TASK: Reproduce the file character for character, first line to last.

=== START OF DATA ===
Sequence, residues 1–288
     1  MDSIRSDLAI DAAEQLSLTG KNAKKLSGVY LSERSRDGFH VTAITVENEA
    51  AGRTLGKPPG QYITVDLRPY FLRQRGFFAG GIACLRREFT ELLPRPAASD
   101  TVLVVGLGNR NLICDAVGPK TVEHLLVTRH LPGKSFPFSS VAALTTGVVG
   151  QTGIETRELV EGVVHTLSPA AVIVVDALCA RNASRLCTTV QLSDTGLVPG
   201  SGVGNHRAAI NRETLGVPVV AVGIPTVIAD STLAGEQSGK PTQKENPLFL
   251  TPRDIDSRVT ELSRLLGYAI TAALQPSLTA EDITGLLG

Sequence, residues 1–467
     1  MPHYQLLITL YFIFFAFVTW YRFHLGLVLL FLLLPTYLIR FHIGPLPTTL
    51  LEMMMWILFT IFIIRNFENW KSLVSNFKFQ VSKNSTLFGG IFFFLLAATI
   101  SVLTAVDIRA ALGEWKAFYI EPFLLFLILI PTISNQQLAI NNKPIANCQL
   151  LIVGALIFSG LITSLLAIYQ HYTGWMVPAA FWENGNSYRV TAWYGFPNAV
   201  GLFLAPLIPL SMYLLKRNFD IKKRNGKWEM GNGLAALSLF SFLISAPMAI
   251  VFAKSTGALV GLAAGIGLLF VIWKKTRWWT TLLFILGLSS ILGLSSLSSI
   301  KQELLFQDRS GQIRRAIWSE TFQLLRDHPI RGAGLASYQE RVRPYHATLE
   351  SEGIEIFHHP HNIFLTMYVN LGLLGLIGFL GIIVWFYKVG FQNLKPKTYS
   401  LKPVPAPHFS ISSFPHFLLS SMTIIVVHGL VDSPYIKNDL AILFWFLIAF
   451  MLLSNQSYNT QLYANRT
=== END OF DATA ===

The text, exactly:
Sequence, residues 1–288
     1  MDSIRSDLAI DAAEQLSLTG KNAKKLSGVY LSERSRDGFH VTAITVENEA
    51  AGRTLGKPPG QYITVDLRPY FLRQRGFFAG GIACLRREFT ELLPRPAASD
   101  TVLVVGLGNR NLICDAVGPK TVEHLLVTRH LPGKSFPFSS VAALTTGVVG
   151  QTGIETRELV EGVVHTLSPA AVIVVDALCA RNASRLCTTV QLSDTGLVPG
   201  SGVGNHRAAI NRETLGVPVV AVGIPTVIAD STLAGEQSGK PTQKENPLFL
   251  TPRDIDSRVT ELSRLLGYAI TAALQPSLTA EDITGLLG

Sequence, residues 1–467
     1  MPHYQLLITL YFIFFAFVTW YRFHLGLVLL FLLLPTYLIR FHIGPLPTTL
    51  LEMMMWILFT IFIIRNFENW KSLVSNFKFQ VSKNSTLFGG IFFFLLAATI
   101  SVLTAVDIRA ALGEWKAFYI EPFLLFLILI PTISNQQLAI NNKPIANCQL
   151  LIVGALIFSG LITSLLAIYQ HYTGWMVPAA FWENGNSYRV TAWYGFPNAV
   201  GLFLAPLIPL SMYLLKRNFD IKKRNGKWEM GNGLAALSLF SFLISAPMAI
   251  VFAKSTGALV GLAAGIGLLF VIWKKTRWWT TLLFILGLSS ILGLSSLSSI
   301  KQELLFQDRS GQIRRAIWSE TFQLLRDHPI RGAGLASYQE RVRPYHATLE
   351  SEGIEIFHHP HNIFLTMYVN LGLLGLIGFL GIIVWFYKVG FQNLKPKTYS
   401  LKPVPAPHFS ISSFPHFLLS SMTIIVVHGL VDSPYIKNDL AILFWFLIAF
   451  MLLSNQSYNT QLYANRT